Although there have been a few dissenting voices in the EFL, the most vehement of which has been Tranmere Rovers chairman Mark Palios, general consensus is that with no prospect of government funding, that brokering a deal with the Premier League is the last option available to prevent some clubs from going out of business.

A £250million bail-out has been pledged as part of Project Big Picture, which will off-set the massive losses which have been incurred during the pandemic when no supporters have been allowed through the turnstiles.

Wanderers have been backed to the hilt by their supporters, with more than 8,000 season tickets purchased during the summer. And that cash has gone some way towards softening the financial short-term pain.

But with no promises being made on when fans may be allowed back in the uncertainty among club owners has heaped pressure on the EFL to find a quick solution.

Nigel Travis, owner of League Two club Leyton Orient, believes the government’s stance in the summer that the Premier League should be tasked with ensuring the financial security of the pyramid has opened the door for top clubs to take advantage.

“I hear certain clubs won’t make it beyond another two months,” he said. “What is happening at the moment is people like me just write cheques. So I sent a big cheque last week.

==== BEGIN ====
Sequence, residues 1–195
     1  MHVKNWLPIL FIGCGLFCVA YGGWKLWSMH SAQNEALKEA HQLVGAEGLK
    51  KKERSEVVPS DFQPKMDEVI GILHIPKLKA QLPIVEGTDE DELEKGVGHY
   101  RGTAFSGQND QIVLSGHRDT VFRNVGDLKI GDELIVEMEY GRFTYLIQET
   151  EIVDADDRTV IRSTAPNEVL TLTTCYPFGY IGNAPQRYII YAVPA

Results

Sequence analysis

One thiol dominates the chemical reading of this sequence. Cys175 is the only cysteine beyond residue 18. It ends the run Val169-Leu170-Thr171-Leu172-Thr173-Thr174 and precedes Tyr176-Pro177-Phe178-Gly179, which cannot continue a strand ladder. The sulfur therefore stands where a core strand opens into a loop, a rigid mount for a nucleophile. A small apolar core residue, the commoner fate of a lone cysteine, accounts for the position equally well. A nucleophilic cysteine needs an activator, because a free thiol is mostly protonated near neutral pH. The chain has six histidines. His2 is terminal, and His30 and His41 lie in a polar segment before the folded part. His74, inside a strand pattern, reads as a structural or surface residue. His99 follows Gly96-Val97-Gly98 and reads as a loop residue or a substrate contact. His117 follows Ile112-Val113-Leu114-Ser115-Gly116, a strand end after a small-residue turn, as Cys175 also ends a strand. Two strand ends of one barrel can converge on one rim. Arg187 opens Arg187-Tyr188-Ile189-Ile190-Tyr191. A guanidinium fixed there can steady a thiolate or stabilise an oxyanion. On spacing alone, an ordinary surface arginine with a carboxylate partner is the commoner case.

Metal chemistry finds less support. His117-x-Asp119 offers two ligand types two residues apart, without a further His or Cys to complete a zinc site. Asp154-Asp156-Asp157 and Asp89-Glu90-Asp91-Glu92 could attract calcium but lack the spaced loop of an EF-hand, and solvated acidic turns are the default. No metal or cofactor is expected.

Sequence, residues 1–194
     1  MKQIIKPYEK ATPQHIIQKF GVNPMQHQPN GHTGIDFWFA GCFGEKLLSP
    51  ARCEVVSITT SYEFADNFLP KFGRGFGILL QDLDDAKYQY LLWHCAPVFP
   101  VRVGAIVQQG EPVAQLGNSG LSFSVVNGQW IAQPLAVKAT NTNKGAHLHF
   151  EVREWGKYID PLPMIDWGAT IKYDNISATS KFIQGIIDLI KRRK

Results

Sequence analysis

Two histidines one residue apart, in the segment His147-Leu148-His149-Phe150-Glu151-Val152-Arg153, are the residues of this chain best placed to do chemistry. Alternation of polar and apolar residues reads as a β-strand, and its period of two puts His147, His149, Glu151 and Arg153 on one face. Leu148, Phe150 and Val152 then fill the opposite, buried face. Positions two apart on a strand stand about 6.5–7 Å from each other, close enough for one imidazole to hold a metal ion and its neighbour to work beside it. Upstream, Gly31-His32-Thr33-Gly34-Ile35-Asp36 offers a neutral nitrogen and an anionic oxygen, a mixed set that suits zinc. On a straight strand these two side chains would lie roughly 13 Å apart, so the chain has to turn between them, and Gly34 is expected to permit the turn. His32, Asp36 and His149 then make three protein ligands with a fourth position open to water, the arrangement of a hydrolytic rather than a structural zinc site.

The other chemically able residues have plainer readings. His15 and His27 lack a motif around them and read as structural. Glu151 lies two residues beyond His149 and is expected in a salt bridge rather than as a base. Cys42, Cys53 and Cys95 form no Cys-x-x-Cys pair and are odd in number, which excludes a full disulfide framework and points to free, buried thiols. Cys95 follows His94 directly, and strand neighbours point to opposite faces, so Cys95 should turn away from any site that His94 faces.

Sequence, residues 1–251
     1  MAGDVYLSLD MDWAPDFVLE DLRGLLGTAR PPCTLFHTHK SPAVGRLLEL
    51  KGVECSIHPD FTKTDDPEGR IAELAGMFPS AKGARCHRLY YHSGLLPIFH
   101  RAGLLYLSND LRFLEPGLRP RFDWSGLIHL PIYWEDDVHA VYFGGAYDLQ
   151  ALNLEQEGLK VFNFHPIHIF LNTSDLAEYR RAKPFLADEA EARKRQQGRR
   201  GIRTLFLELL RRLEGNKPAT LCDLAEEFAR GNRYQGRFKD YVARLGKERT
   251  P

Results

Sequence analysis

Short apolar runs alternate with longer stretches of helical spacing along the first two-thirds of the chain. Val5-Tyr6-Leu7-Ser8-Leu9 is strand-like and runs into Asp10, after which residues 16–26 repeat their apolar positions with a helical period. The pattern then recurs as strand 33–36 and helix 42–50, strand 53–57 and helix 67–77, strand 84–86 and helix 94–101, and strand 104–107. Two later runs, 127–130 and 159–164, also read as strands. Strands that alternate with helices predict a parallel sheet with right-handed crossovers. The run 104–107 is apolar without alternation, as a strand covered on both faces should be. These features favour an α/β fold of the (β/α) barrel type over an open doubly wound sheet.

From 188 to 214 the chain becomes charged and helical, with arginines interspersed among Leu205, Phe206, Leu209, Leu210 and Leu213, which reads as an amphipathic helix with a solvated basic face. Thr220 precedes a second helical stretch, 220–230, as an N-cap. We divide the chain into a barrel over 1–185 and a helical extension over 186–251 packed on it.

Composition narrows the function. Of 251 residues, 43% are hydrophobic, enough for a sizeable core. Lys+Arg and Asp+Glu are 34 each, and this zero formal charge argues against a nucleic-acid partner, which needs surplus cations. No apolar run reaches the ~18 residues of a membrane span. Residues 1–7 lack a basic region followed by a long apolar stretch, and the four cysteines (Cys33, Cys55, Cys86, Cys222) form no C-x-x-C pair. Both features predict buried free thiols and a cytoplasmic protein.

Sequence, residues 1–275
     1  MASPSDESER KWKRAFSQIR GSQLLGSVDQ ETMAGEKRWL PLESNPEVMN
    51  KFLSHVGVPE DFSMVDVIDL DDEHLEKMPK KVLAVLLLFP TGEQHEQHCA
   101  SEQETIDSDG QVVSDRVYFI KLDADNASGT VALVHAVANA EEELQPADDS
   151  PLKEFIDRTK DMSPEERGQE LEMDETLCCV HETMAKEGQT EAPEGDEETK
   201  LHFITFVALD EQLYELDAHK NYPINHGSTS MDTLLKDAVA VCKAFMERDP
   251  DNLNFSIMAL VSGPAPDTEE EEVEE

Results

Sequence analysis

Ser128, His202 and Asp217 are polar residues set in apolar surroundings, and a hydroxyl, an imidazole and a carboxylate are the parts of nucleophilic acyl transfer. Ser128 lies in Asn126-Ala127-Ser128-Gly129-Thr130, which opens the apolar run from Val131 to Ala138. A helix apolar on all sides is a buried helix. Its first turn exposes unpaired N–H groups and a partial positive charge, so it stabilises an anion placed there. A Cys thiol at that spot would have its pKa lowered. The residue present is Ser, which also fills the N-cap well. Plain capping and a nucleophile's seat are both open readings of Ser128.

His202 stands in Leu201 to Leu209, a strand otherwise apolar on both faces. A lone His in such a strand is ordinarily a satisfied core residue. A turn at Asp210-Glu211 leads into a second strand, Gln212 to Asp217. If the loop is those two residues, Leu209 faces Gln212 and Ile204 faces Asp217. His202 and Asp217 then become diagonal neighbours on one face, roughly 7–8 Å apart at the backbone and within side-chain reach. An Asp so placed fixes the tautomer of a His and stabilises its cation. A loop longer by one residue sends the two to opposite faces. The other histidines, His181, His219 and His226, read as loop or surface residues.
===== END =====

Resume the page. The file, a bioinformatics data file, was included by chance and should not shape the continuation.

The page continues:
“To the Government we say thank you for the furlough programme, but now we are in a situation where we have been left dangling because they say one thing one week and another thing the other.

“Correct me if I am wrong but I think what he (culture secretary Oliver Dowden) said before was we are not supporting football - they have got the Premier League, the Premier League has to support them.

“So there has to be something coming for the Premier League. This is something coming from the Premier League. The Government have had no alternative.”


Andy Holt, Accrington Stanley chairman: “It’s a deal I might vote for but I’ll never support.

“How long has the EFL been discussing this plan with the Premier League – 2017. The bail-out should have been coming back near June time.

“The bail-out has potentially been held up by it (Project Big Picture) and now it is conditional.”

Mark Palios, Tranmere CEO: “The reality is that the detail in this is a power grab by the Big Six. I think it’s a forerunner to actually crystalising the gap in the pyramid that now exists between the Championship and League One.